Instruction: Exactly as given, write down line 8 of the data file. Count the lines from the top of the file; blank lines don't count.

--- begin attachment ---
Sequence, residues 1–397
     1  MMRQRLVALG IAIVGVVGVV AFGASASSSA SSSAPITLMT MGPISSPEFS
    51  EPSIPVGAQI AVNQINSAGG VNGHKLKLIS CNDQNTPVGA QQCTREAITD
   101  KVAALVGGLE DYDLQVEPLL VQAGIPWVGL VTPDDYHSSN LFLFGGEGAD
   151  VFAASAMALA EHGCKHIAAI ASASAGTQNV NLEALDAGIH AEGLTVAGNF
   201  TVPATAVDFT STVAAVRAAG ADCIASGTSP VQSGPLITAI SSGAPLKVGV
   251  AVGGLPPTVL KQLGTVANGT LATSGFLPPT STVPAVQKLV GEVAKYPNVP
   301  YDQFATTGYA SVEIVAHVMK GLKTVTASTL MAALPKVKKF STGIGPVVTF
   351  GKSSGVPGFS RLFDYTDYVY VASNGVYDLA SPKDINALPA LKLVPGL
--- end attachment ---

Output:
   301  YDQFATTGYA SVEIVAHVMK GLKTVTASTL MAALPKVKKF STGIGPVVTF